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If you have ever been at a concert and found yourself thinking “This music is simply too loud,” it doesn’t necessarily indicate that you’ve gotten too old for this sort of entertainment. It could mean that your body is attempting to tell you something – that you’re in a place that may damage your ability to hear. If following the concert your ears are ringing (tinnitus), or you’re not able to hear quite as well for a few days, you’ve probably experienced NIHL – noise-induced hearing loss.

This can happen even after brief exposures to loud noises, and arises because high decibel sounds can result in physical damage to the small hair cells that receive auditory signals in the inner ear and send them to the brain, where they are interpreted as sounds. In most cases, the NIHL resulting from one single exposure to really very loud noise or music is temporary, and should go away within a couple of days. However repeated exposure to loud sounds can cause the impairment to become permanent and result in tinnitus that never goes away or in a significant loss of hearing.

A pair of factors determine how much damage is done to hearing by contact with very loud sounds – exactly how loud the noises are, and the period of time you are exposed to them. The volume of sound is measured in decibels, a scale that is somewhat illusory because it is logarithmic, meaning that each increase of 10 on the scale means that the noise is two times as loud. Thus the noise of busy urban traffic (85 decibels) isn’t just a little bit louder than the sound of normal speech (65 decibels), it’s four times as loud. The decibel rating at ordinary rock concerts is 115, which means these noise levels are ten times louder than standard speech. The other factor that impacts how much hearing damage arises from loud music is the length of time you are exposed to it, what audiologists call the permissible exposure time. For example, contact with noises of 85 decibels can cause hearing loss after only eight hours. At 115 decibels the permissible exposure time before you face the possibility of hearing loss is less than a minute. Thus rock concerts are high risk, because the noise levels at some of them have been measured at greater than 140 decibels.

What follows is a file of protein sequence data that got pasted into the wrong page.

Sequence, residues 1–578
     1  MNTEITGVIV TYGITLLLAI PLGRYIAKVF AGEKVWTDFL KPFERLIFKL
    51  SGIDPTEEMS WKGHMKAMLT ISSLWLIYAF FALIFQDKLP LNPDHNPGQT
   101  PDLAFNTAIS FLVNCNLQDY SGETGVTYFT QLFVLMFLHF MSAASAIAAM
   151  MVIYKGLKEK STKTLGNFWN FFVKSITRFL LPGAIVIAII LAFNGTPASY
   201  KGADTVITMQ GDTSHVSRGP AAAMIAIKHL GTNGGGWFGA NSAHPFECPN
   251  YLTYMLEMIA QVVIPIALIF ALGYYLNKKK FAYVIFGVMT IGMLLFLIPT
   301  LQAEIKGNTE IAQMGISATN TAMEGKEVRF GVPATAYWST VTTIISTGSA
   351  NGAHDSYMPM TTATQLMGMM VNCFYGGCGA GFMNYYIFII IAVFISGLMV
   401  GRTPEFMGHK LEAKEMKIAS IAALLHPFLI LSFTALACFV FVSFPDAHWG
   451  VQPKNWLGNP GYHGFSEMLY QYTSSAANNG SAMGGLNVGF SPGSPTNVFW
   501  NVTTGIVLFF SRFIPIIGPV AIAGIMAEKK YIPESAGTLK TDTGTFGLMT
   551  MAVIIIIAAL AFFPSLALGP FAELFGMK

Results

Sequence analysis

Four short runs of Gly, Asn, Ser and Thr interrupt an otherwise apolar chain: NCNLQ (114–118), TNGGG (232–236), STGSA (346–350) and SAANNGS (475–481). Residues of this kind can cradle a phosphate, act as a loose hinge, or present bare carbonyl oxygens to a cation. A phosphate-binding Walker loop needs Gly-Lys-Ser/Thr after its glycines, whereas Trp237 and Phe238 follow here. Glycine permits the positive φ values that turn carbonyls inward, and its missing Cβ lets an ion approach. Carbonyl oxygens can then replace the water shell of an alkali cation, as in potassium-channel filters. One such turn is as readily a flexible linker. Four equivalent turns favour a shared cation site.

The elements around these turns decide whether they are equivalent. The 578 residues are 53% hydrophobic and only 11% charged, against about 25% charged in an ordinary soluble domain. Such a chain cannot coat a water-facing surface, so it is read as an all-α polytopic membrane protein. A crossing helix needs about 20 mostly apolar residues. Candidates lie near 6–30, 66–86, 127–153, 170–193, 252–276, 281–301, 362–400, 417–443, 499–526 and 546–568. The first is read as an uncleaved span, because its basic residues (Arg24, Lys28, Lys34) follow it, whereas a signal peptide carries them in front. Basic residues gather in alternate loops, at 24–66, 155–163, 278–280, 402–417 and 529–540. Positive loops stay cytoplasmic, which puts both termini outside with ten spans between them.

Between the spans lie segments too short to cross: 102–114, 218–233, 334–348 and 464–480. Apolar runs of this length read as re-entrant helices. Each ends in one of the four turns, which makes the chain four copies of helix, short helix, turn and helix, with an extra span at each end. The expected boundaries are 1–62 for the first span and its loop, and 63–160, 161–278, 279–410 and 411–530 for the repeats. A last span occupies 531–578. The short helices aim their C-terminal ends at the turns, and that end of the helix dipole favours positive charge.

Projections from audiologists say that by the year 2050 up to fifty million people in America will have sustained hearing loss resulting from exposure to loud music. Bearing this in mind, many live concert promoters and music venues have started supplying sound-baffling earplugs to attendees for a small charge. One maker of ear plugs even created a partnership with a British rock band to supply its earplugs to fans at no cost. Notices are beginning to appear at music venues saying, “Earplugs are sexy!” Earplugs may, in reality, not be very sexy, but they might just save your valuable hearing.

Any of us can help you select a pair. We recommend getting them next time you’re intending go to a live concert.